With almost 40% of municipal water supplied in South Africa being lost before it even reaches the public, information and communications technology solutions provider Jasco Group states that there are tools and technologies available, such as big data, analytics and Software as a Service (SaaS), that can assist in monitoring and managing the use of water and potentially pinpointing where it is being lost or siphoned off.
Jasco’s cloud-based SaaS solutions use proprietary algorithms and big data analytics to measure water use and flow. Sensors are planted in pipelines to track hydraulic flow as well as the rate of dam drainage. The software, which is programmed with up-to-date geographical information, measures trends based on location and typical use.
It then uses its capabilities to compare current and historic data. An alarm is triggered by any anomalies found in predictive analysis, enabling Jasco to generate work order tickets for municipal teams to act proactively and with immediacy, to track, source and deal with whatever is causing the problem.
Repairs are recorded in order to monitor what the cause of the problem was and how consistently the problem returns. Jasco can then determine – using the SaaS – whether a team requires additional training or whether the pipes as a whole may need to be replaced.
“This solution can also be used for effective town planning and infrastructure upgrading. It can predict how much water an area will need, based on historical trends,” explains Jasco Group CEO Pete Da Silva.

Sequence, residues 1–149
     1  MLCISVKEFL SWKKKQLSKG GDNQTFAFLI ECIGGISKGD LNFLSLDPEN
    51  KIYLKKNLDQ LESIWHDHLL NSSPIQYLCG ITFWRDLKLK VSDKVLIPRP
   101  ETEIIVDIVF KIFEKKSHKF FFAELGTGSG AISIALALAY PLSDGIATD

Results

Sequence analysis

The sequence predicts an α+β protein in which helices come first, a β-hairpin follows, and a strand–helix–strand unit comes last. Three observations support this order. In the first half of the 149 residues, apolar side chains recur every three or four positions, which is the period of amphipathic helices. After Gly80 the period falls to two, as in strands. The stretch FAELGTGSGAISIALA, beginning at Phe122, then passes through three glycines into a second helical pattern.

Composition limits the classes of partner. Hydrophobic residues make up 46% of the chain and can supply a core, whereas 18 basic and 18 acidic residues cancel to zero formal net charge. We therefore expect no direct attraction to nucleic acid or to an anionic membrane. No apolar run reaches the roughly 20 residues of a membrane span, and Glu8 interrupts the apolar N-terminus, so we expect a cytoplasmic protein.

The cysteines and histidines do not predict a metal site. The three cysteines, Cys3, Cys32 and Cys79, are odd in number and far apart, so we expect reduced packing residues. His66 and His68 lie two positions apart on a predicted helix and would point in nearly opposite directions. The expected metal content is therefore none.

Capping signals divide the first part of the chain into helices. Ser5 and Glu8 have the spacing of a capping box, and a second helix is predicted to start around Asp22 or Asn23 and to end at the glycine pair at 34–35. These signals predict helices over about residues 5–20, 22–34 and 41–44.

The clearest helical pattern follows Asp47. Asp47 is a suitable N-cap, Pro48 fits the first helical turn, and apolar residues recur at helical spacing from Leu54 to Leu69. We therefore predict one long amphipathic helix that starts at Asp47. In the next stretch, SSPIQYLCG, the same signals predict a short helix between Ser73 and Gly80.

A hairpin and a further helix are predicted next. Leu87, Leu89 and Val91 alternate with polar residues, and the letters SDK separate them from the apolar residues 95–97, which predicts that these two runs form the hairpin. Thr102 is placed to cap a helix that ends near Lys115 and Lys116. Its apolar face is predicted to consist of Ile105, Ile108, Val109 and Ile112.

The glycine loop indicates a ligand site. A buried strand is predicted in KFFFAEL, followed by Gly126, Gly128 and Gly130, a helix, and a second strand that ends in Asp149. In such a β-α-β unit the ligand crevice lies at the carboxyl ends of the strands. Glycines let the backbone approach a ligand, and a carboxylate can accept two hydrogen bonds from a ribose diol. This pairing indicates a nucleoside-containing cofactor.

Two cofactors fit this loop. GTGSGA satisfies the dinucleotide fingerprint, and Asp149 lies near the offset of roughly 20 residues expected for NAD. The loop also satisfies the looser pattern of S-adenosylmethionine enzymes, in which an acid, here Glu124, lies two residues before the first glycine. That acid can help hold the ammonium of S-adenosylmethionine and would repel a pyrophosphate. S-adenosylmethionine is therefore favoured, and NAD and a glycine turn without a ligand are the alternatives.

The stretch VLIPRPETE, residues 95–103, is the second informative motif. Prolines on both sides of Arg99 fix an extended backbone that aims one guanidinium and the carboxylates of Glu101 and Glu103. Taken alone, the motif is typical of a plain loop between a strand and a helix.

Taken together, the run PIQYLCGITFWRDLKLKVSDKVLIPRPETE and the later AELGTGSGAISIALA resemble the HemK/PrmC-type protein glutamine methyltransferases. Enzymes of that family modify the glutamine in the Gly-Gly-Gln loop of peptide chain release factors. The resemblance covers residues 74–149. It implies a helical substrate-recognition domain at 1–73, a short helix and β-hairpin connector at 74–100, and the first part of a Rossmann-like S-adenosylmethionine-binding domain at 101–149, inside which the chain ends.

Such a tool can assist with area growth and budget planning, reducing resources spent on water distribution, dams and sewage treatment if they are not needed, and direct them to where they will be most beneficial. Where infrastructure needs to be upgraded, municipalities can plan more accurately, taking into account the area’s common water issues and predicted population growth.
Da Silva explains that an effective SaaS water management tool must be comprehensive. It will oversee and monitor the entire function of water management, from the actual water supply and tracking, to the teams who are in charge of maintaining proper water functions.
The tool also tracks response times, fix times, common issues, enabling effective management of key performance indicators and assisting with managing customer expectations. It makes the best use of the available data coming from sensors and telemetry (which it also monitors) to provide an overall water management service.
He points out that, based on government statistics, South Africa loses about R7-billion a year in unbillable water, labelled nonrevenue water (NRW). South Africa’s uses about 60% of the potable water made available to the country and the remaining 40% is largely wasted, although this NRW includes the water used by firefighting utilities for instance.
Da Silva highlights that where the company has deployed its analytical data together with good management and good maintenance, NRW is reduced to below 10%.
Da Silva adds that solutions such SaaS tools have been successfully implemented across the globe, in countries such as Israel, Spain and Brazil and where these have been deployed not only has water loss been minimised, but customer satisfaction is noticeably higher, as a result of better service delivery, a reduced number of service calls and markedly better efficiencies, which ultimately reduce the cost to the customer.
He emphasises that it is important for municipalities in South Africa to have an analytical and digital mindset as a building block to creating ‘smarter’ cities.
“More municipalities are going down this path and I’m quite positive that this is going to become the standard to manage networks,” concludes Da Silva.